In our capitalist-driven culture, it feels nearly impossible to separate your job from your sense of self. “What do you do?”, strangers ask you as polite small talk. Maybe you do gardening, maybe you raise three kids, maybe you play ultimate frisbee on weekends — but you know what they are really asking: “What are you paid to do?”
This is a question that can leave many with insecurity, wondering if their answer is good enough.
Your profession is considered a defining feature of your personality. And, of course, there are tiers and categories of personalities:
- Doctor, lawyer, engineer — these are smart, successful jobs for smart, successful people.
- Farmer, truck driver, plumber — blue-collar jobs for your Average American™.
- Daycare worker, nurse, teacher — jobs for women.
- Fast food, retail, and lifeguard — jobs for kids.
From the day we are born, our parents start daydreaming about what our profession will be, considered a symbol for our success and happiness. Who wouldn’t want their child to be successful and happy?
Our entire schooling system focuses on preparing us for the workforce. Some schools, like mine, even offer aptitude tests to help children determine to which jobs they may be more naturally inclined. I forget what mine said.
I wanted to be an astronaut for most of my childhood. I was obsessed with space. I had a telescope I could use to see the craters on the moon, and a star chart to find the constellations. But, eventually, I learned that you have to be able to do a lot of pushups to be an astronaut — and girls aren’t good at pushups. I was in no position to prove them wrong. So I gave up on being an astronaut.
For a while after that, I wanted to be a surgeon. I may have watched too much Grey’s Anatomy.
Then, senior year of high school, I wanted to be a journalist, and I chose my alma mater, Ithaca College, based on their excellent communications school.
Within one semester I discovered Psych 101 — and changed my mind yet again. For the rest of the college, I wanted to be a neuroscientist.
I’ve changed my mind about what I want to be “when I grow up” at least another three times since I graduated. For a while, I was making 30k at a non-profit. Then, a couple of years later, I was making 90k as an engineer. My professions have come and gone like the seasons — and with it, my sense of self.
I’m not any of the things I promised my parents and grandparents I would be. I’m not an astronaut, surgeon, or neuroscientist.
Right now, I’m nothing. You could say I’m “unemployed” — even though I’m working on three different projects which I believe benefit people, all of which also provide me income. But my projects are scattered across a variety of themes: software, writing, activism. What can I say my job is?
If you don’t know how to answer “What do you do?”, do you even know who you are?
I’ve decided that I no longer care about what someone’s profession is. I care about what they are giving to the world.
What we do to make money shouldn’t be seen as intrinsic information about who we are. While some of us may love our jobs or have the stereotypical personality to match, for most people a job is just that: a job. And more importantly, a job rarely tells us anything about if someone is a good person or not.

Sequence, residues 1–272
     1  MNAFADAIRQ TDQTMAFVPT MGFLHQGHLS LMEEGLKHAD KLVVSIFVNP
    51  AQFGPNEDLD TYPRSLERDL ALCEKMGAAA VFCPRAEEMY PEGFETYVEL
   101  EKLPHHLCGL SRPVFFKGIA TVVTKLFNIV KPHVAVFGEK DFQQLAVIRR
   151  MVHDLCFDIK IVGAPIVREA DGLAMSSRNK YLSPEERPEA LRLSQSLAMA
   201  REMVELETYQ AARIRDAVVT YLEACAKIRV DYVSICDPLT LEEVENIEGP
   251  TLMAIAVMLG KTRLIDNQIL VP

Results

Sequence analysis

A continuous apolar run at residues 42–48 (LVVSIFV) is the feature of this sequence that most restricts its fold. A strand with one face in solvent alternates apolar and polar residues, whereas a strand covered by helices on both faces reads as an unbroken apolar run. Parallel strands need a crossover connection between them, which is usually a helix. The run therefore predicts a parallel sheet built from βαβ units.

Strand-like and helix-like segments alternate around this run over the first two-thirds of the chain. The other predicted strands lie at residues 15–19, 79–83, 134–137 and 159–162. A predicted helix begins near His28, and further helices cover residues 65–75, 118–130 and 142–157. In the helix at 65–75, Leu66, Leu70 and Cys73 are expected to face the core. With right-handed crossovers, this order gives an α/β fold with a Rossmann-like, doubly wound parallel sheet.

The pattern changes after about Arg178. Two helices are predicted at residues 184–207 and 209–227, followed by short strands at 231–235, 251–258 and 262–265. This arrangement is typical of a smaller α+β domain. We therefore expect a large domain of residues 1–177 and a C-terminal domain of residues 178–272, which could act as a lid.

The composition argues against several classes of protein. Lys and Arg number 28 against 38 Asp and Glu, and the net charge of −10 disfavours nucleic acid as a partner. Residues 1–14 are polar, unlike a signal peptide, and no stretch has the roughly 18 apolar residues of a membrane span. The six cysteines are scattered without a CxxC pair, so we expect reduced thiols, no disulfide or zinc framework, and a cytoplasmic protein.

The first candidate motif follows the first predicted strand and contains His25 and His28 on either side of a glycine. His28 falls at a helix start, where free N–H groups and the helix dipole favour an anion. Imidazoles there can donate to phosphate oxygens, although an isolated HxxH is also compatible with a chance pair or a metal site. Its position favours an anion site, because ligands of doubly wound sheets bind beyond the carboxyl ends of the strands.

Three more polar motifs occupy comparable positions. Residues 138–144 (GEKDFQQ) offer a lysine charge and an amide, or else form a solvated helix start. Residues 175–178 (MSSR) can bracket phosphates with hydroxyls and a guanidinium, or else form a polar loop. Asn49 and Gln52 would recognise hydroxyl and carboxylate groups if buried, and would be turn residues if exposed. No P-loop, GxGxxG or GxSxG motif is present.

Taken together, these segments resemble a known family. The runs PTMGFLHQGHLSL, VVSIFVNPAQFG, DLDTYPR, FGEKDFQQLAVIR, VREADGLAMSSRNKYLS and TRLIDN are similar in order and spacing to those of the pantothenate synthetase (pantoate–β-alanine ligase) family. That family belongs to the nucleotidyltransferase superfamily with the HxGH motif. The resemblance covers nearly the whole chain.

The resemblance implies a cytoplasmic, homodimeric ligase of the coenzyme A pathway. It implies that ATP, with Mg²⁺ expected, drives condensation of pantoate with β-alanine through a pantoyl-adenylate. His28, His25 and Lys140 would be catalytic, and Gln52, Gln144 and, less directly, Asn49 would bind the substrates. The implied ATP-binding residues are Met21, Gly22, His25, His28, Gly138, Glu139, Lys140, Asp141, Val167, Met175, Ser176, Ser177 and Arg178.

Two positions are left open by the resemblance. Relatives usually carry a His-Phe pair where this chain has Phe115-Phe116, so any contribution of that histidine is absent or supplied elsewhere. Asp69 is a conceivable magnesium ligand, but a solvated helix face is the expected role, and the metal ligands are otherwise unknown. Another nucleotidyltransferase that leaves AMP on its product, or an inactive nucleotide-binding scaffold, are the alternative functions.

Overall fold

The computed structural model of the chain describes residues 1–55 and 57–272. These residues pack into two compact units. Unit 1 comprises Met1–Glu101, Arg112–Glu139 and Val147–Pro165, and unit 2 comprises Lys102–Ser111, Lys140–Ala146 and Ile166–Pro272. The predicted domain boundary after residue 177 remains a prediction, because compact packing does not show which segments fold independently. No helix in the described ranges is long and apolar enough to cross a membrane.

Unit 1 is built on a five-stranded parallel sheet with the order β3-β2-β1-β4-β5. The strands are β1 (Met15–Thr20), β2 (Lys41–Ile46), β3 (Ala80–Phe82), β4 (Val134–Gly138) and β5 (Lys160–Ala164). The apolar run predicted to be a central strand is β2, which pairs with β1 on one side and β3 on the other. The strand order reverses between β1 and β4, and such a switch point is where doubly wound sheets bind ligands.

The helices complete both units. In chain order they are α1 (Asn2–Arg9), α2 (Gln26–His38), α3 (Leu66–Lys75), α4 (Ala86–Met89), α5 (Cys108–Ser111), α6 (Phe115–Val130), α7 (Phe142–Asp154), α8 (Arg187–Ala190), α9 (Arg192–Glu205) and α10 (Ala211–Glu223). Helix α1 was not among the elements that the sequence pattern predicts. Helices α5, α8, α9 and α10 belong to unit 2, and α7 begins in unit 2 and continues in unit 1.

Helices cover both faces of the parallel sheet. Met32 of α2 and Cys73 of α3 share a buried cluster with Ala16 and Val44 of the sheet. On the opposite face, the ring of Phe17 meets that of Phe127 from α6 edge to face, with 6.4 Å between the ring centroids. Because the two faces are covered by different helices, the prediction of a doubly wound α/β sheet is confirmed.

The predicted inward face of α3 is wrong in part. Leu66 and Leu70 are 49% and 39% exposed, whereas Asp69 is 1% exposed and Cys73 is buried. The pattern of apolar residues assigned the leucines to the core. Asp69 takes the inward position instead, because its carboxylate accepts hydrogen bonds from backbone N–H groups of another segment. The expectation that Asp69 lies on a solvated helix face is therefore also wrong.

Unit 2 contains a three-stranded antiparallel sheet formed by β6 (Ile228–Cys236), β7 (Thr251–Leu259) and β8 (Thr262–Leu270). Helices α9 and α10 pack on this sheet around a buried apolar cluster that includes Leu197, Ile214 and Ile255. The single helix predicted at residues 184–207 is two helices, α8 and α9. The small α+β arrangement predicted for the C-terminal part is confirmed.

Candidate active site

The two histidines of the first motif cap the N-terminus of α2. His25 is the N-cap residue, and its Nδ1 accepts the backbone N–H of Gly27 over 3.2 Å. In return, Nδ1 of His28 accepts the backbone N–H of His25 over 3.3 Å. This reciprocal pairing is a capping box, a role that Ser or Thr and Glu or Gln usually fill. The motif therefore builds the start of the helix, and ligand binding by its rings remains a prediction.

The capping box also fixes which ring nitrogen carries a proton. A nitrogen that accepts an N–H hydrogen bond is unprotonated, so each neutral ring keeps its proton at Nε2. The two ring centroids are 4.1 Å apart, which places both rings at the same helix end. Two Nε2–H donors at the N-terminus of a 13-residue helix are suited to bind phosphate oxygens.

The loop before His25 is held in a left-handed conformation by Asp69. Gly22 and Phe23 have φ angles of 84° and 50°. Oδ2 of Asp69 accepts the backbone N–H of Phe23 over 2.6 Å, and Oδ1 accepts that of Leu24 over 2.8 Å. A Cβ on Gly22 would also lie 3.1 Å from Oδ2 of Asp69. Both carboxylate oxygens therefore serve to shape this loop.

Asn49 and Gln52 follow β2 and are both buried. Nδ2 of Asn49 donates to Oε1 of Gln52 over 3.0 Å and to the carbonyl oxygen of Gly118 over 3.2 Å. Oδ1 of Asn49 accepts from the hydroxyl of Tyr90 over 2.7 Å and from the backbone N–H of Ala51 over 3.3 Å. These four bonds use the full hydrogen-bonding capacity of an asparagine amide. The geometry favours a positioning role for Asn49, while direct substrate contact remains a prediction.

I know Silicon Valley engineers who volunteer their time feeding the homeless and donate the majority of their wealth to altruistic causes. I also know engineers who spend their money on fancy houses, designer products, and eating out for three meals a day. The fact that they are both “engineers” says nothing of who they are as people, and what they give to the world.
I have friends who work at grocery stores, fast-food chains, and retail jobs who have stood up against injustice, put their bodies on the line through direct action and accepted the consequences. To them, a job is just what pays the rent so they can do the work they really care about. Many artists (writers included) could say the same.
When we ask a new acquaintance what they do, what if the answer was something bigger?
- “I fight for women’s rights.”
- “I try to provide what my family needs to be healthy and comfortable.”
- “I coach little league and provide a fun, safe, and social recreation for kids.”
- “I’m saving for a future where I can be financially independent and travel.”
- “I inspire others to make positive changes in their own lives.”
- “I fund and volunteer for animal rescues.”
For me, I’ve come to realize what I do in the fight for unpopular causes. I prefer to be a David in a world of Goliaths. The causes I take up tend to be lost ones — but I do my best work when I am underestimated and told “no”. This is what I do.
For some, the reality of what they do might not be so idyllic, like those who may be forced to say “I profit off the backs of others for my own material gain,” or “I try to take rights away from minorities.” All of the fancy job titles in the world don’t make your contribution to the world worthwhile.
The next time someone asks you, “What to do you?” try telling them what you give to the world instead — whether it is time through volunteering, beauty and movement through art, ideas through writing, or even just love to those around you. That is something actually worth having tied to your identity.
Previously published on Medium.com.
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